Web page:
AUGUSTA — A Winslow man will spend a year behind bars for reckless conduct in which he pointed a gun at two of his children and his ex-wife’s boyfriend in May 2014 during a confrontation outside his former wife’s home.

Wilfred J. Morissette, 50, pleaded guilty last week to three counts of reckless conduct, and the sentencing hearing was held Friday at the Capital Judicial Center.

He was sentenced to five years in prison, but four years were suspended and Morissette was ordered to serve two years of probation.

Morissette has been free on $5,000 cash bail with the condition that he be monitored electronically.

The victims were all in the courtroom, as well as his ex-wife, former Rep. Susan Morissette, who represented District 54, which consists of Winslow and part of Benton, in 2011 and 2012. She is also a former vice chairwoman of the Maine Republican Party. She did not speak to the judge at the hearing.

Justice Michaela Murphy imposed the sentence that was recommended by both the prosecutor, Assistant District Attorney Tracy DeVol, and Morissette’s attorney, Sherry Tash. However, Murphy also said she wanted to add a probation condition that required Morissette to be electronically monitored for the first six months of probation, if that is available, or prohibit him from living in Winslow.

The offenses occurred May 11, 2014, in Winslow.

She said Morissette’s release from prison will cause the victims to become anxious and fearful.

“I am very concerned about what happens when he gets out,” Murphy said. “I think the psychological damage is very deep, and I think they’re very fragile.”

After discussions in chambers with the attorneys, the judge ordered that when Morissette gets out, he cannot reside in Winslow as long as any of his minor children reside there.

According to the Winslow police report of the incident, Susan Morissette and three of her children as well as her boyfriend, Barry Sturk, drove into her First Street driveway on Mother’s Day when Wilfred Morissette, who lived across the street, threatened them with a loaded handgun.

Sturk called police, who arrested Morissette and seized the firearm from him. No one was hurt.

Two of the children and Sturk spoke to the judge during the hearing.

Noah Morissette said his father became more physically abusive as time went on and that he and a brother fought with Morissette when Morissette was drunk and made Noah’s sister, Jacqueline, cry. Noah asked that he be added to the people Morissette is prohibited from contacting. The judge agreed, and was told there is also a protection order in place banning contact.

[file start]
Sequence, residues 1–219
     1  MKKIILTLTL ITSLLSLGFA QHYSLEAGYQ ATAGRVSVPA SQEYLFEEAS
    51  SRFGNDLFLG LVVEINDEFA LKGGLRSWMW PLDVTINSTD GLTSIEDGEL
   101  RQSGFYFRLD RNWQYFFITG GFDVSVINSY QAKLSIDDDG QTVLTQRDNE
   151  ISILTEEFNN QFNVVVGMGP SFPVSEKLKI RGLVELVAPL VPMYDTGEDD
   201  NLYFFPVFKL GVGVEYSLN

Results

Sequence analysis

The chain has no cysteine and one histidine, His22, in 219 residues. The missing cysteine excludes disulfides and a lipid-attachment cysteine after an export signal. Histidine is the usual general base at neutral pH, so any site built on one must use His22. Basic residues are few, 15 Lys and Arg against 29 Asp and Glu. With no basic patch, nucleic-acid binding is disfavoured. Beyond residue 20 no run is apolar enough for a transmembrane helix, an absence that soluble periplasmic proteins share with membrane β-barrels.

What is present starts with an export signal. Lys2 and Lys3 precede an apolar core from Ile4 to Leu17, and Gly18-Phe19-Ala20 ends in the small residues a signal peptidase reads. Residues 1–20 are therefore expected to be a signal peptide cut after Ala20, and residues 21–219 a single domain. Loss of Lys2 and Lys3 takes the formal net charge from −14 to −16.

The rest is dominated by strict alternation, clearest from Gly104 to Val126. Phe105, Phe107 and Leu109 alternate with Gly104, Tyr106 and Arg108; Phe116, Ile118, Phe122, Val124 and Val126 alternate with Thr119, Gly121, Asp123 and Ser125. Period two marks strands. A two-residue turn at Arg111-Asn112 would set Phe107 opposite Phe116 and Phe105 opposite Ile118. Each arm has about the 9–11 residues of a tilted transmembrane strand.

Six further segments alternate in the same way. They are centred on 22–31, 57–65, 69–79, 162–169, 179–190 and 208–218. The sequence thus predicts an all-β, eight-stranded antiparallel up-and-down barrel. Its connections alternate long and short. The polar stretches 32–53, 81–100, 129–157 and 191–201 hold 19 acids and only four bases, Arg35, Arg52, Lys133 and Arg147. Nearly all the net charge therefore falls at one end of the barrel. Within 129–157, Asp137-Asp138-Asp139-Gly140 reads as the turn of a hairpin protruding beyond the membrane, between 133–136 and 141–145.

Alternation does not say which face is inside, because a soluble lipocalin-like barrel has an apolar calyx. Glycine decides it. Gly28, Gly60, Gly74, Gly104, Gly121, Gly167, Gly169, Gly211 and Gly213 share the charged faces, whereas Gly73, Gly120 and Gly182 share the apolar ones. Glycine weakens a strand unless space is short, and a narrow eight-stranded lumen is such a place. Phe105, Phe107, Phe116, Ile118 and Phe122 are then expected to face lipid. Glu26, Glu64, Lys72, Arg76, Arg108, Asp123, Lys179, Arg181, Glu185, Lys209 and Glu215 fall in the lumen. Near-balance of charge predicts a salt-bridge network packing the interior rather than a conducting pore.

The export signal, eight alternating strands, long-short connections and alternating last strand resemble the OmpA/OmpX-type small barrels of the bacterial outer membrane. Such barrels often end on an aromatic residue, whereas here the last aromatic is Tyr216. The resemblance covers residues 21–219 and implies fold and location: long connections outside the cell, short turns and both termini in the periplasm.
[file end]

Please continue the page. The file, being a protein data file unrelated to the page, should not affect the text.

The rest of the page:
Jacqueline Morissette told the judge she has nightmares about her father and his aggressive behavior.

“When I leave my house, I’m very afraid I might see Wilfred,” she said, adding that she is concerned he might hurt her physically and emotionally. “I don’t think I’ll ever get over the things he’s done to me.”

Sturk addressed the judge as well on behalf of another of Morissette’s sons, Joshua, who was named with Jacqueline as a victim in the indictment.

“Back in May of last year, it was a very profound and eye-opening experience,” Sturk said. “I think a lot of innocence was lost that day by some kids.” Sturk said Joshua is now focusing on learning how to defend himself.

“I’m pretty much a Dr. Jekyll and Mr. Hyde when I drink,” Morissette told the judge, stopping frequently because he was crying at the microphone. “I’ve known since before I entered treatment in ’91 I was an alcoholic.”

He said he has stayed sober for a year or more at times before resuming binge drinking.

“I previously had been rationing my drinking and minimizing the effect my drinking has had on my family,” he said.

He said he didn’t know how much damage he had done until he read victim statements in the case several months ago.

“I regret it and I apologize sincerely,” he said, adding that he plans changes to lessen his chances of relapsing.

“I love my children to the ends of the Earth,” he said. “They are the only thing that are really important to me in this life. I hope someday… that they find peace and are able to forgive me and let go of these feelings that are tormenting them.”

He said he will never forgive himself.

His attorney told the judge that there are hundreds of “loving, caring, affectionate communications” contained in text messages between Wilfred Morissette and his children as well as friendly exchanges between Morissette and his ex-wife, in contrast to the image of Morissette they gave on Friday.

Defense attorney Sherry Tash described her client as “a mean drunk” who knows he is a poor father and husband when he’s drinking.

Other conditions of probation ban Morissette from contact with the victims and from possession and use of alcohol, illegal drugs and weapons and requires him to undergo substance abuse and psychological counseling.

Another son lives with Wilfred Morissette now in a home about a mile from where the rest of the family resides.

Murphy said she accepted the sentencing recommendation because Morissette accepted responsibility and because he has no criminal record.

But she said the outcome could have been worse.

“Clearly the victim impact could have been catastrophic and life-ending,” Murphy said. “This is close to one of those cases.”

She said people need to understand what happens with the mix of alcohol, guns and domestic strife.

Betty Adams — 621-5631

[email protected]

Twitter: @betadams


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